Anyone interested in the Internet of Things has already heard one message repeatedly at this year's Consumer Electronics Show in Las Vegas: interoperability is key. That's why the AllSeen Alliance selected CES to announce the release of its AllJoyn Gateway Agent.
"There are millions of connected devices on the market and that number is growing exponentially," said Art Lancaster, CTO of the IoT software company Affinegy and chair of the AllSeen Alliance Gateway Working Group. "The AllSeen Alliance believes that consumers should have control over these devices and their data -- with the assurance that these connections are both private and secure. The AllJoyn Gateway Agent is the industry's first standard way to connect IoT devices and applications with such confidence."
The AllJoyn Gateway Agent enables four things that are critical for the fast-developing Internet of Things: remote access and management; security and data privacy; interoperability; and use of open standards, according to the AllSeen Alliance. It's an open-source software framework that's designed to connect devices "regardless of brand, transport, platform or operating system."
More than 900 IoT Exhibitors
The Internet of Things is getting a lot of attention at CES, which runs through Friday. According to a spokesperson for the Consumer Electronics Association, which organizes the show, more than 900 exhibitors at this year's event fall into the IoT category.
One big obstacle to enabling the full potential of the Internet of Things is "the absence of a unified community and universal framework that prioritizes intelligent interoperability," according to the AllSeen Alliance, a cross-industry consortium of IoT-minded that was established in December 2013.
Led by the nonprofit Linux Foundation, the AllSeen Alliance has since grown to 112 members, including Bosch, Cisco, LG, Lenovo, Microsoft, Panasonic, Sharp, Sony, Symantec and Verisign. The initial framework for the alliance's AllJoyn open-source effort was developed by a subsidiary of Qualcomm, which is also a founding member of the organization.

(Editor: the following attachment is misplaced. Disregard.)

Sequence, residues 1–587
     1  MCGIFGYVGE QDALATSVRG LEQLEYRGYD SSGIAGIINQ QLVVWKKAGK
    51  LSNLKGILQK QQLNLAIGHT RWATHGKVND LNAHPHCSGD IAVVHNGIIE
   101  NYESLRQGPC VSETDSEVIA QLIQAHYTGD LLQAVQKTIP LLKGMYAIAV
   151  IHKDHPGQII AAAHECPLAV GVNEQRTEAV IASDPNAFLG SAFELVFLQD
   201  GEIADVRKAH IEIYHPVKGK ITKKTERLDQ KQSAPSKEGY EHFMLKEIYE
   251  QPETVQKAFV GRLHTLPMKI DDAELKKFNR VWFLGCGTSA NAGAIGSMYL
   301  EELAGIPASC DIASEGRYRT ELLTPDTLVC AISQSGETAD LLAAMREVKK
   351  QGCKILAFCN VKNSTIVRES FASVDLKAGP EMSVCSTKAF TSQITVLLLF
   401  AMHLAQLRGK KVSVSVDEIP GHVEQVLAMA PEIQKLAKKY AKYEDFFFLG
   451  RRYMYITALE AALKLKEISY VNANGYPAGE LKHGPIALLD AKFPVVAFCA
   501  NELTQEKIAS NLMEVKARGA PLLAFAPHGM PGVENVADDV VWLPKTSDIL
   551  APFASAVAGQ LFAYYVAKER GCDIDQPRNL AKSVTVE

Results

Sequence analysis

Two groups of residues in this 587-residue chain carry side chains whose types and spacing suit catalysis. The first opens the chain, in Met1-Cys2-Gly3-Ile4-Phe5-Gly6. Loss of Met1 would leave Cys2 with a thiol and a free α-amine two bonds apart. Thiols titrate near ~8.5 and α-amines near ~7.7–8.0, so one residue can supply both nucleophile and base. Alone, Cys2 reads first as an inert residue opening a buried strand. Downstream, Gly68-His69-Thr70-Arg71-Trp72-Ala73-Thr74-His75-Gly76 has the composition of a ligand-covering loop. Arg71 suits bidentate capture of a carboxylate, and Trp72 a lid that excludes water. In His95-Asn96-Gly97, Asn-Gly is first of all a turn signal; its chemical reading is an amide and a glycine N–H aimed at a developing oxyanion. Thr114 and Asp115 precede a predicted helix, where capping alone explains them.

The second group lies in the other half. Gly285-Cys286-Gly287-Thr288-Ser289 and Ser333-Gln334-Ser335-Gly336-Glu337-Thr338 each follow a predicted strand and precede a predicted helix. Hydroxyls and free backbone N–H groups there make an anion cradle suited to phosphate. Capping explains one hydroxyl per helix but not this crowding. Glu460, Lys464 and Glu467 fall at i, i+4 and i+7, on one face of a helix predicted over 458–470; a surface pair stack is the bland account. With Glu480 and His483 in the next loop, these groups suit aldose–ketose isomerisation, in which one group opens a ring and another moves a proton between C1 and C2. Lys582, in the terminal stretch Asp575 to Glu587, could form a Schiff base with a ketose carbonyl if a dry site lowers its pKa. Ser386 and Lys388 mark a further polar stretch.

Dueling Interoperability Groups
The AllSeen Alliance isn't the only organization working on open-source standards and interoperability for the Internet of Things. The Open Interconnect Consortium (OIC) launched in July with the same mission.
The founding members of the OIC include Amtel, Dell, Intel, Samsung and Wind River. However, its member organizations include a few companies that also belong to the AllSeen Alliance, including ADT, Cisco and Exo U.
Since its launch, the AllSeen Alliance has certified a number of products that have been designed with IoT interoperability in mind. Among these are LG televisions and Panasonic's ALL series of wireless speakers.
Developed to support end-to-end encryption and secure connection to the cloud, the alliance's AllJoyn Gateway Agent can be installed on either Linux-based or OpenWRT-based devices. It supports persistent remote connections without a special firewall or port settings.
The need for interoperability in IoT development was echoed Monday by Samsung Electronics President and CEO Boo-Keun Yoon, who said in his pre-show keynote address that his company planned to invest more than $100 million this year to advance development of the Internet of Things.
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